I love the medium and look back on my five years as a talk host – 1982- 1987 – very fondly, despite the low pay – $5 an hour and $1.75 per endorsed live spot. I was the house liberal and as it was during the Reagan years, I received the best hate mail.

My favorite endorsed commercial was for "Cold Stick," a plastic tube that you kept in the freezer filled with anti-freeze. When you had an attack of hemorrhoids you lubed it up and placed it for all natural drug-free relief. Really. I ain't making this up.

When done right local talk is a powerful and entertainment medium. The problem is the large corporations that have bought talk stations over the past 20 years jettisoned local talk for far less expensive syndicated programming. It was great to hear that stations with local talk are making money.

I'm putting together a video of the annual talk rumble, but now here is what I wrote for our newspapers:

NEW YORK, N.Y. – At the 13th annual New Media Seminar, conducted March 19 and 20, radio show hosts and programming executives debated whether or not the local talk show host was a dying breed.

According to William Handel, the talk host who dominates the ratings in the Los Angeles, Calif. market, the era of local radio personalities discussing the local issues that affects audiences is at an end.

Every speaker didn’t embrace Handel’s assertions, though, as many of the attendees believe the survival of the medium is embracing locally originated programming.

Talkers Magazine, the trade magazine for the talk show industry, which is published by Longmeadow resident Michael Harrison in Springfield, presented the two-day convention.

In the greater Springfield area, the stations follow a national model of having local morning host followed by syndicated programming. Bill Dwight at WHMP has the only area weekday standalone talk show from 9 to 10 a.m.

Handel said, “It’s sort of rough to see an exciting medium disappear before our eyes.”

Handel said it is too expensive to operate a station with all local programming.

“To have all local programs is simply an impossibility,” he added.

The practice of stations accepting paid infomercials – something many speakers said was becoming more and more common – marks the “death knell” of radio, Handel said. Handel called the doctors, lawyers and others who buy a half-hour or hour of time to tout their businesses as “egomaniacs” who leave radio when they find the lengthy commercials are not making money for them.

Part of the problem is that radio stations no longer have local or regional ownership as they once did, he explained.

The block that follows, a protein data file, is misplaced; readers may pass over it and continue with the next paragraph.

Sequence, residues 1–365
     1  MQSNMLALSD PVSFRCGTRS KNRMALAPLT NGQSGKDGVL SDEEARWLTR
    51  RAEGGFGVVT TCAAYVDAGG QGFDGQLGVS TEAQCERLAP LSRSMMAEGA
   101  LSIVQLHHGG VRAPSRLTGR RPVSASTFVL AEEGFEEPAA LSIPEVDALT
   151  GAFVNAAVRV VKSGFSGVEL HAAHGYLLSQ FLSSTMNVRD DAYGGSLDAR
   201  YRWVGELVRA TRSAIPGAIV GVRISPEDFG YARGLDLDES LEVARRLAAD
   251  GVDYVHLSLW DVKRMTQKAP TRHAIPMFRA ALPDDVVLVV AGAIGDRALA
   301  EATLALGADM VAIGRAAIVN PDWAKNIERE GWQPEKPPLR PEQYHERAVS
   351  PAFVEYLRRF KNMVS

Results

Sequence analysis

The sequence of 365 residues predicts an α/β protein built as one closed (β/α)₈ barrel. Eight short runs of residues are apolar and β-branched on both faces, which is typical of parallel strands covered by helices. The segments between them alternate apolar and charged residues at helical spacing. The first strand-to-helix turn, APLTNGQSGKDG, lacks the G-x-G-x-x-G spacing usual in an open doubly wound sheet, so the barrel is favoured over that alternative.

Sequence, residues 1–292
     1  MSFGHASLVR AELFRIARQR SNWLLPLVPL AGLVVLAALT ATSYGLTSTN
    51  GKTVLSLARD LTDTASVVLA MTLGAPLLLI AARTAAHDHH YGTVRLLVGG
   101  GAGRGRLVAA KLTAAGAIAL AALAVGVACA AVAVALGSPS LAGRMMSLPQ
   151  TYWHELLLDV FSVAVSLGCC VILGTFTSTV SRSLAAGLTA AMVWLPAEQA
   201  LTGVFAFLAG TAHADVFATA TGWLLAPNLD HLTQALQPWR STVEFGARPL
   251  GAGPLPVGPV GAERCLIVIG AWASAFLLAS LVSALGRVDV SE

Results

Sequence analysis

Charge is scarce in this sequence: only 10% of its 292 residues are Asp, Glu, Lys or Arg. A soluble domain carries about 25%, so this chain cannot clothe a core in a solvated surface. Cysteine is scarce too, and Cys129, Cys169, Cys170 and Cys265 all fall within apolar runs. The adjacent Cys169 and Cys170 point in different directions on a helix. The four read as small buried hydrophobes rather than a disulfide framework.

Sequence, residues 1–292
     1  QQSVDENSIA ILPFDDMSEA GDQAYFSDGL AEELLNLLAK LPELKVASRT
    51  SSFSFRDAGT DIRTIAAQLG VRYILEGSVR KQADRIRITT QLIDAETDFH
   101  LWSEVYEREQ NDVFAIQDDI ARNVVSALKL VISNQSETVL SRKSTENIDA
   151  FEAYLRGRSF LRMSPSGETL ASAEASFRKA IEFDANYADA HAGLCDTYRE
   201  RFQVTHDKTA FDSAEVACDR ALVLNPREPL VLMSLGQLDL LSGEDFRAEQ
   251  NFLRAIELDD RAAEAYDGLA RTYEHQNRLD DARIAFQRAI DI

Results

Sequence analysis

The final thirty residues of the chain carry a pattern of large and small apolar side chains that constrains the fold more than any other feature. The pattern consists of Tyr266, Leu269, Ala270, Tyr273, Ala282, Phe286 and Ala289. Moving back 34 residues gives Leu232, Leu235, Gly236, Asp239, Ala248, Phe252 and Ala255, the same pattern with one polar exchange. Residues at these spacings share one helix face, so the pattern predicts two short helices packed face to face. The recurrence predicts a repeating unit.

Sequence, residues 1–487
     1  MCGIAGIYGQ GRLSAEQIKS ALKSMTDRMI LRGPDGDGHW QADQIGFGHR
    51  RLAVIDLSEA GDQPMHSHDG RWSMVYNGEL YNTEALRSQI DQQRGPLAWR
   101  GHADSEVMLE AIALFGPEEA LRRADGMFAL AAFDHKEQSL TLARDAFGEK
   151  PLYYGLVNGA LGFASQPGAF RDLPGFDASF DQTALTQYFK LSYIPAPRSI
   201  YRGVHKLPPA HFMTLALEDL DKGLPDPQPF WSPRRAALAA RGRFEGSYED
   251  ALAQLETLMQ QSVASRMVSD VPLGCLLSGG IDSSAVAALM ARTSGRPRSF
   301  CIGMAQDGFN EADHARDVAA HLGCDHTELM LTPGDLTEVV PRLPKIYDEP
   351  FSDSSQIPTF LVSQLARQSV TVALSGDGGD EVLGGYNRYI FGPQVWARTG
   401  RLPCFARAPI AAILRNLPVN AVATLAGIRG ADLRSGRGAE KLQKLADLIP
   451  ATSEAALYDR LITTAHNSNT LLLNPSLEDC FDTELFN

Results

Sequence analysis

“The mom and pops chose good radio as long as they were making a good living,” he said.

“When done right local radio works,” Handel added.

Handel’s conclusions were refuted by a panel of local talk show hosts from around the country in a spirited discussion led by former Springfield talk radio host Dan Yorke, now a fixture at WPRO in Providence, R.I.

Yorke went down the line of hosts quizzing them about the effectiveness as “revenue agents” who actively work to bring revenue into their stations.

“You should not get before the radio [microphone] if you can’t sell,” Curtis Sliwa, the founder of the Guardian Angels and a long-time New York City talk show host, said. Sliwa is currently heard over WNYM.

Michelle Jerson, who has a relationship advice show on WKXW in Trenton, N.J., spoke of not only meeting with sponsors to help close ad deals but also arranging for special events such as cruises that bring money into the station.

Yorke and the panel noted their local shows actually sell more local ads for their stations than nationally syndicated programming such as superstar Rush Limbaugh.

The hosts also attested to the strength of local radio hosts. Larry Young of WOLB in Baltimore, Md. noted his station has the reputation of being the audience’s watchdog in city hall.

Heidi Harris of KDWN in Las Vegas, Nev. recounted how she effectively questioned claims made in ads for Sen. Harry Reid’s recent reelection bid. Harris, and other hosts at the seminar, said news sources come to local radio talk show hosts because of the decline in the reporting of local news by daily newspapers and television stations.

Throughout the two days, speakers urged seminar attendees to embrace the new technological tools the Internet offers them. Holland Cooke, an East Longmeadow, Mass., native and a radio consultant for McVay Media, presented a list of opportunities for radio hosts from podcasting to blogging to using services such as YouTube and creating products to sell from with no inventory to buy.

Vic Capone, a spokesperson for Apple, noted he doesn’t listen or watch anything in “real time.” He uses iTunes to download movies, music, television shows and radio podcasts and said the millions of iTunes downloads attest he is not the only person with this habit.

Other high tech services the broadcasters heard about included Paltalk that allows hosts to stream video from their studios and manage text and chat rooms with members of their audience for immediate feedback and the Tricaster, a mini-television control board, that radio hosts are using for the easy production of video.

With the opportunities offered by Web services, such as – where 10,000 people currently have their own talk radio program with only a computer, some kind of microphone and an Internet connection – the question is how to attract listeners to a show or host.

As many of the speakers said ultimately it all comes down to the broadcasting talent of the host, understanding his or her subject and more importantly, the needs of the audience.

Laurie Cantillo, the program director for WABC in New York, said for a station to succeed it “must be great all the day.”

© 2010 by Gordon Michael Dobbs

Tuesday, March 16, 2010

I'm assembling as many of the celebrity interviews I've done since my first one in high school with Flash Gordon himself Buster Crabbe for a book titled "Fifteen Minutes With ..."